This book is designed to provide a concise summary of mammalian and, particularly, of human physiology which medical students and others can supplement with readings in current texts, monographs, and reviews. Pertinent aspects of general and comparative physiology are also included. Summaries of relevant anatomic considerations will be found in each section, but this book is written primarily for those who have some knowledge of anatomy, chemistry, and biochemistry.

Examples from clinical medicine are given where pertinent to illustrate physiologic points. Physicians desiring to  use this book as a review will find short discussions of important symptoms produced by disortered function in several sections.

It has not been possible to be complete and concise without also being dogmatic. I believe, however, that the conclusions presented without a detailed discussion of te experimental data on which they are based are those supported by the bulk of the currently available evidence. Much of the evidence can be found in the papers cited in the credit lines of the illustrations. Further discussions of particular subjects and information on subjects not considered in detail in this book can be found in the references listed at the end of each section. Information about serial review publications that provide up-to-date discussions of various physiologic subjects in included in the note on general references in the appendix.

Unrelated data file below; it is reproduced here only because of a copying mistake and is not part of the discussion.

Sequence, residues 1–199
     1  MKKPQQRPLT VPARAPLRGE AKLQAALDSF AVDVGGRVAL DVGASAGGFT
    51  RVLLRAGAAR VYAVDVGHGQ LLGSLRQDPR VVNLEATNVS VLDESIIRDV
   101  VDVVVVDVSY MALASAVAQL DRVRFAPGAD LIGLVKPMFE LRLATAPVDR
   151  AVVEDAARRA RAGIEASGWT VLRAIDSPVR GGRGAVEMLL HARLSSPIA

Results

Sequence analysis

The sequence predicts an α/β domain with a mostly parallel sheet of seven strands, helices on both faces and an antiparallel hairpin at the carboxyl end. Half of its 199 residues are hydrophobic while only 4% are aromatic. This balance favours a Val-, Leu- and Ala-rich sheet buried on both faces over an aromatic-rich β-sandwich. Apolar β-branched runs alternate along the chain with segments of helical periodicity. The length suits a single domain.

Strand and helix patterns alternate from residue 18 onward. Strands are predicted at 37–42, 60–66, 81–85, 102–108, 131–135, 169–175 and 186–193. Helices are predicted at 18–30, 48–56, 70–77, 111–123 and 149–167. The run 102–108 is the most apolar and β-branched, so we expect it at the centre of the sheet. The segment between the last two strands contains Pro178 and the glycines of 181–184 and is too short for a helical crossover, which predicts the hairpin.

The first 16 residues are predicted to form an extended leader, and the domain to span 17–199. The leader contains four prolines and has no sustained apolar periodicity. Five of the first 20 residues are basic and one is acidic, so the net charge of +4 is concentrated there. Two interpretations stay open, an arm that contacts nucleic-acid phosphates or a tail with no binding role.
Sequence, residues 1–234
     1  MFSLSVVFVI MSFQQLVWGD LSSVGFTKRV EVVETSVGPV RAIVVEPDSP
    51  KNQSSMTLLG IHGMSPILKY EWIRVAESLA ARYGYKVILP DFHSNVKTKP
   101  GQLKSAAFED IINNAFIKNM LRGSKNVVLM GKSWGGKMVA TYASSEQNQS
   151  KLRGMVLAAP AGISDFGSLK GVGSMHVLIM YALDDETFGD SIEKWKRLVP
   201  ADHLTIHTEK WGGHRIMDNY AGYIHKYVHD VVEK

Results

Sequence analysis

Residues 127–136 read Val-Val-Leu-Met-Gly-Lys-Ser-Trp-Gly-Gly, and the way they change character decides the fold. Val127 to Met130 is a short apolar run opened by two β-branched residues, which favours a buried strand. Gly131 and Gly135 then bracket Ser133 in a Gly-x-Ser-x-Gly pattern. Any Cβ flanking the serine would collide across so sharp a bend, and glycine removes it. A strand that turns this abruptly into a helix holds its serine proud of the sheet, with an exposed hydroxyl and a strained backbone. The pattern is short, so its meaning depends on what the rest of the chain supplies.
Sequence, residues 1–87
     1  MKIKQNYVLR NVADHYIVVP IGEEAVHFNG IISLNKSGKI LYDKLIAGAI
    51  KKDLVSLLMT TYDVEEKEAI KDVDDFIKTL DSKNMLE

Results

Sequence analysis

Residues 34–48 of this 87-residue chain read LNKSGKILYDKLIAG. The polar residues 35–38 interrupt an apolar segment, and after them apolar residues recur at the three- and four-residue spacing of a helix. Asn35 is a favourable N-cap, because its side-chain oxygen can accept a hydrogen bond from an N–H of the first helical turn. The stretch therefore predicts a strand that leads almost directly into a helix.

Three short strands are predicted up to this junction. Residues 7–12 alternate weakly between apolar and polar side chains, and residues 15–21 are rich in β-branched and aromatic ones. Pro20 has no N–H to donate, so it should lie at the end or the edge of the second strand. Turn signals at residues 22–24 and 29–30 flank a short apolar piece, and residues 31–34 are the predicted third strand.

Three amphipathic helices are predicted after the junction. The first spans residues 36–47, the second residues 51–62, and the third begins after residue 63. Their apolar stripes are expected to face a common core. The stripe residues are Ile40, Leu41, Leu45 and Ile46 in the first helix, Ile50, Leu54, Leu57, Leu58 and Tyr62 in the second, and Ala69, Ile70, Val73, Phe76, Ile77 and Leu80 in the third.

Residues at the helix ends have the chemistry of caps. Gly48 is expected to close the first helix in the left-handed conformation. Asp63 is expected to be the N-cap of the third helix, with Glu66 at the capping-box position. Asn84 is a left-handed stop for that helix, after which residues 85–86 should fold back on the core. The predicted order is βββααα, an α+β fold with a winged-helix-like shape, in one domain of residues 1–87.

In the interest of brevity and clarity, I have in most instances omitted the names of the many investigators whose work made possible the view of physiology presented here. This is in no way intended to slight their contributions, but including their name and specific references to original papers would greatly increase the length of this book.

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